School board receives intital report on legislative impacts

A lot of guesswork can be involved in trying to calculate the impact of legislative changes on school budgets. Park Rapids School District business manager Olive Springborn reported some of her projections at Monday night's meeting. Part of the d...

A lot of guesswork can be involved in trying to calculate the impact of legislative changes on school budgets.

Park Rapids School District business manager Olive Springborn reported some of her projections at Monday night's meeting.

Part of the difficulty, Springborn explained, is that when programs are opened to more students, it's not known how many people will take advantage.

For example, she said the Legislature changed state statutes governing early intervention services to infants and toddlers. The law requires county boards and school boards "to coordinate and pay for" these services, mainly targeted at children under age 3 who are involved with abusive parents or come from homes where there is substance abuse.

Other changes are more straightforward.


Although the school's per pupil rate will increase 4 percent for 2006-07, if enrollment continues to decline as projected, Springborn estimated the percentage will bring in $129,200.

Board member Dianna Dotson asked if this would cover the cost of inflationary increases in fuel for heating and transportation.

Springborn said she budgeted about $280,000 for 2006-07 to cover energy cost increases.

A change in the teachers retirement contribution rates (from 5 to 5.5 percent) effective July 1, will cost $29,900.

State lunch reimbursement will go up from 10 cents to 10.5 cents, which may bring in $900 more for the coming school year.

Some of the changes, Springborn said, will add "a lot of duties to what we already do."

Because of cash flow issues, the district issues aid anticipation certificates.

Betsy Knoche of Ehlers & Associates, financial advisors, presented the board with the results of bids on $5.13 million in certificates.


Last year, the district issued $5.09 million in general obligation aid anticipation certificates.

"This is money you are borrowing in anticipation of money you know you have coming," Knoche said, explaining it allows the district to have enough cash to pay its bills when they're due.

Park Rapids and many other school districts and some cities in the state take advantage of the ability to issue the certificates.

Parker/Hunter, a Division of Janne Montgomery Scott LLC, Blue Bell, PA, offered the best net interest rate of four bidders at 4.01 percent.

Last year's rate was 2.85 percent, but Knoche noted investment rates also are up so the district will be able to earn more money on the certificates.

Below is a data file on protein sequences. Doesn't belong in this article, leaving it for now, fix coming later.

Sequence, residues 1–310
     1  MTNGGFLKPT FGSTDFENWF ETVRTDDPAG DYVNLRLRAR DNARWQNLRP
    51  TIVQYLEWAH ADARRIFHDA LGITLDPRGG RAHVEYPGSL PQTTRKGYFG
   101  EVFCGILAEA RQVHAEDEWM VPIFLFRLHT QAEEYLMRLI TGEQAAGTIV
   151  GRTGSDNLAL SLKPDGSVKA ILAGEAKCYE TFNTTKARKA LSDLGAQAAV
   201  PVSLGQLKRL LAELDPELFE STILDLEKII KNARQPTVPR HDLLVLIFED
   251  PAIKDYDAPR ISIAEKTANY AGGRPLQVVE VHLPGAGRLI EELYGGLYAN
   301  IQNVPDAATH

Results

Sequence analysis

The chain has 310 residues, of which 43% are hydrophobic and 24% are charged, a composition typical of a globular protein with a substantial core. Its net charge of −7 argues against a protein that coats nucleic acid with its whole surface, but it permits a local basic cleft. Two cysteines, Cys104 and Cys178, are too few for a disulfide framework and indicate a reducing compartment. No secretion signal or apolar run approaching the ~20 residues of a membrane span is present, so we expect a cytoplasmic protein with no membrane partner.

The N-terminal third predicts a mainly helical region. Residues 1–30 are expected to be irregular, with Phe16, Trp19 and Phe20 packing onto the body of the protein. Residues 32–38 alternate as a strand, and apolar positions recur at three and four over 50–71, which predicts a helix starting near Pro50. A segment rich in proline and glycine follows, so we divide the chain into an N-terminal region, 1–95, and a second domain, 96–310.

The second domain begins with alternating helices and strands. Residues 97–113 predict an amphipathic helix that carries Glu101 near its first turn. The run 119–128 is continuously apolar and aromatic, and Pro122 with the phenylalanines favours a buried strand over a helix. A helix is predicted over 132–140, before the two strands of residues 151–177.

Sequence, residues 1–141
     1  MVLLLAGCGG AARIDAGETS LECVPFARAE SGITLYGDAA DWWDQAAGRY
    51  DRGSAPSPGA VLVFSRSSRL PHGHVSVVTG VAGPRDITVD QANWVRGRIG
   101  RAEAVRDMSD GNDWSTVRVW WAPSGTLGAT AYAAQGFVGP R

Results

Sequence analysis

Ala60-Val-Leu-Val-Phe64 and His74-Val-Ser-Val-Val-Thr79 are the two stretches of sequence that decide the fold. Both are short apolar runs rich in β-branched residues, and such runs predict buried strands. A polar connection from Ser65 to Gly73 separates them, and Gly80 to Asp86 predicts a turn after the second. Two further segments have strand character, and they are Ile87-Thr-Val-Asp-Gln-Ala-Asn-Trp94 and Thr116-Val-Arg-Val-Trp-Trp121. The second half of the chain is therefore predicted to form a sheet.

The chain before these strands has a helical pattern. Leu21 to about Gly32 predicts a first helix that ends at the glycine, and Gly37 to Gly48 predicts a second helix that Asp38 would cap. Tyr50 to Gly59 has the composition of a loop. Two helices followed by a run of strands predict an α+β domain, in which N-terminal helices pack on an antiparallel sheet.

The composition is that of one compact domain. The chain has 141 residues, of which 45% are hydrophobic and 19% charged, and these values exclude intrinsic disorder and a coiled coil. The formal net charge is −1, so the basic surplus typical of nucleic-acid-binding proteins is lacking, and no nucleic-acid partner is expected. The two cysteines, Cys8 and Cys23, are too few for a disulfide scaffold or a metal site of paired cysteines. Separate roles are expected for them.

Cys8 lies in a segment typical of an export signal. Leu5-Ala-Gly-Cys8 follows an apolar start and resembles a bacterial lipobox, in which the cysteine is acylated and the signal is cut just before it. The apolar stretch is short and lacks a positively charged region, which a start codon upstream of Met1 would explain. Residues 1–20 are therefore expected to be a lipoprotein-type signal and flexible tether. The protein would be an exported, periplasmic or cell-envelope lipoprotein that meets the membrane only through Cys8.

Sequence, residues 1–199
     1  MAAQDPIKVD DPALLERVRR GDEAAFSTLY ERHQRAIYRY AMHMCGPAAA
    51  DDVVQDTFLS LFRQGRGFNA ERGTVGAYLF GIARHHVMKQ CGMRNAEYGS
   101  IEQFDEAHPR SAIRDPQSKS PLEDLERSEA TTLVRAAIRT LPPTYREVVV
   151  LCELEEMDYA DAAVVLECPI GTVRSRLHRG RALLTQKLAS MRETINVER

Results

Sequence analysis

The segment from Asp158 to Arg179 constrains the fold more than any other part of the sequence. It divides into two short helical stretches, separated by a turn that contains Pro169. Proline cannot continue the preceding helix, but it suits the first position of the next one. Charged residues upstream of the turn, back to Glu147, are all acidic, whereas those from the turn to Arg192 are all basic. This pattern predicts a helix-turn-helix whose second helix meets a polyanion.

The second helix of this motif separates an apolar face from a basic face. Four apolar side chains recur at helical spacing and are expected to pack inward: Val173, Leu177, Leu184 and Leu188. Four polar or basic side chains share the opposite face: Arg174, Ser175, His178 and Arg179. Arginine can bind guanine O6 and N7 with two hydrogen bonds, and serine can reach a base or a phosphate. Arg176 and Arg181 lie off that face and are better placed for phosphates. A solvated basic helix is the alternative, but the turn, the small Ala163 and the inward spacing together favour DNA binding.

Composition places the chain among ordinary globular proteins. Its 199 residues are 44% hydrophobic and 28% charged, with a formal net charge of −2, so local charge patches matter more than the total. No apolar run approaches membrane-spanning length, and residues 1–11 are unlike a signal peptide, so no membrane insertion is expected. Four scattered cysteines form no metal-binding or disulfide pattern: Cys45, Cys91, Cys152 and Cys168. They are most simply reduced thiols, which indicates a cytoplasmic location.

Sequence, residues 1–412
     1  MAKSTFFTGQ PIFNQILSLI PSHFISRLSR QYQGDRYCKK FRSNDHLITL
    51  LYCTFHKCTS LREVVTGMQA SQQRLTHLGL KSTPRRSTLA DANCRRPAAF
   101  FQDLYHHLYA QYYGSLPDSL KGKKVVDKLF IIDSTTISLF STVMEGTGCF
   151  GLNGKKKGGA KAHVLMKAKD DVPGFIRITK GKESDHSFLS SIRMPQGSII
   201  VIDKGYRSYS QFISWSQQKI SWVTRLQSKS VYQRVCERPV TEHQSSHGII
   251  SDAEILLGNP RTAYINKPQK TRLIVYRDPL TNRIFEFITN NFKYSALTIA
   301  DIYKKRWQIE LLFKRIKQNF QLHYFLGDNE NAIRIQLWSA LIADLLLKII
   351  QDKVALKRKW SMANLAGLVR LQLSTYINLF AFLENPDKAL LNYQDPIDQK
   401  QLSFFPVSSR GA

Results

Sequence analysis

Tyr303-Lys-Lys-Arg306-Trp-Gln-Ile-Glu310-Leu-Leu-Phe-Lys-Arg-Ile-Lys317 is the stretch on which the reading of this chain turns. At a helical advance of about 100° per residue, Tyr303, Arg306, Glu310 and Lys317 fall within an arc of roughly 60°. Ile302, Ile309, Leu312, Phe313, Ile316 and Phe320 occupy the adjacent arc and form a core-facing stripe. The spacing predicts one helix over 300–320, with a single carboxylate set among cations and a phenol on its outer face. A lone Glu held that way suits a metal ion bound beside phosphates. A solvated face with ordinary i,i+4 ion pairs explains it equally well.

The fact that the district carries a favorable credit rating helped reduce the borrowing costs, she added.

In other action Monday night, the school board:

  • Heard a presentation from Century Elementary principal Mitch Peterson and Bob Kapsner, a special education instructor, on the success of all-day, every day kindergarten as shown in reading scores, particularly.

Among other benefits, Peterson said, is the test scores can be shown to parents so they also can see how the progress their students are making.
Superintendent Glenn Chiodo added that his first year in Park Rapids he signed 12 open enrollment forms for kindergartners, the second year 15 forms and last year he signed only two.


  • Approved hiring Terry Zoller as half-time industrial technology teacher at Century Middle School, hired Chuck Goodwater as a custodian and hired Joe Morgan as head boy's basketball coach. The board approved a resignation from Kay Netteberg as gymnastics coach for the 2006-07 season only.
  • Heard a Progress Park Rapids presentation and agreed there should be follow-up discussion at a future board meeting.
  • Heard from Century Middle School principal Bruce Gravalin there will be no pop - only water and juice - in vending machines there starting this fall and he also wants to eliminate candy.
  • Learned from Area High School principal Al Judson a survey has been sent to students, parents and staff, called a "climate assessment," as the first step in developing a plan to reduce the dropout rate.

The district has been awarded a dropout prevention grant, but needs to submit a plan spelling out how money will be spent to address it.

  • Approved a plan from the Park Rapids Tennis Association to eliminate the cottonwood trees on the west side of the courts and replace them with a shelter belt along the west property line. The tennis association will pay all costs.
  • Learned from board member Gary Gauldin that because of airport zoning, the school can't erect a wind generator by the Century School. A committee of citizens is looking for an alternate location, such as the Brush Lake School Forest.

Gauldin also reported the committee is partnering with the University of Minnesota, Itasca-Mantrap and Minnesota Power on the renewable energy project.

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